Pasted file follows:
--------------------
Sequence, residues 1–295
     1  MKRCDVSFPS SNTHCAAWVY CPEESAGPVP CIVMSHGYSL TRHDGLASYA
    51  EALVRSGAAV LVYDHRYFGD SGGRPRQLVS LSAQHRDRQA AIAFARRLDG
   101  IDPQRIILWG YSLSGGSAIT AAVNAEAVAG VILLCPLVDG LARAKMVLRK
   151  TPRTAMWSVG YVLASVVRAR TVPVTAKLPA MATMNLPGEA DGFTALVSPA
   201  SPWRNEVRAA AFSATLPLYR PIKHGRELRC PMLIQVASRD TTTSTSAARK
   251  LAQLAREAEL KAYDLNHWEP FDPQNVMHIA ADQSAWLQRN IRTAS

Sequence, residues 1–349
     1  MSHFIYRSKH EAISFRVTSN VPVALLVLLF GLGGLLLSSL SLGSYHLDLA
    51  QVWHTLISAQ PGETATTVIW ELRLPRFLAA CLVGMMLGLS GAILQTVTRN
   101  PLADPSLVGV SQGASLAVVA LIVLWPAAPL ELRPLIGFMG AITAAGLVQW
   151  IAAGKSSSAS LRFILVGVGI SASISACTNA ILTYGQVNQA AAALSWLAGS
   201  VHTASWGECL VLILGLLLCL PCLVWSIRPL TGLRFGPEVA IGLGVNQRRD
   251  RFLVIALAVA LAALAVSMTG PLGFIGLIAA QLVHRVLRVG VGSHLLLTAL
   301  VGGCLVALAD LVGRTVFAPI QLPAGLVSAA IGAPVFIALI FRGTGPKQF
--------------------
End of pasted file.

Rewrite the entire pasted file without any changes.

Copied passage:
Sequence, residues 1–295
     1  MKRCDVSFPS SNTHCAAWVY CPEESAGPVP CIVMSHGYSL TRHDGLASYA
    51  EALVRSGAAV LVYDHRYFGD SGGRPRQLVS LSAQHRDRQA AIAFARRLDG
   101  IDPQRIILWG YSLSGGSAIT AAVNAEAVAG VILLCPLVDG LARAKMVLRK
   151  TPRTAMWSVG YVLASVVRAR TVPVTAKLPA MATMNLPGEA DGFTALVSPA
   201  SPWRNEVRAA AFSATLPLYR PIKHGRELRC PMLIQVASRD TTTSTSAARK
   251  LAQLAREAEL KAYDLNHWEP FDPQNVMHIA ADQSAWLQRN IRTAS

Sequence, residues 1–349
     1  MSHFIYRSKH EAISFRVTSN VPVALLVLLF GLGGLLLSSL SLGSYHLDLA
    51  QVWHTLISAQ PGETATTVIW ELRLPRFLAA CLVGMMLGLS GAILQTVTRN
   101  PLADPSLVGV SQGASLAVVA LIVLWPAAPL ELRPLIGFMG AITAAGLVQW
   151  IAAGKSSSAS LRFILVGVGI SASISACTNA ILTYGQVNQA AAALSWLAGS
   201  VHTASWGECL VLILGLLLCL PCLVWSIRPL TGLRFGPEVA IGLGVNQRRD
   251  RFLVIALAVA LAALAVSMTG PLGFIGLIAA QLVHRVLRVG VGSHLLLTAL
   301  VGGCLVALAD LVGRTVFAPI QLPAGLVSAA IGAPVFIALI FRGTGPKQF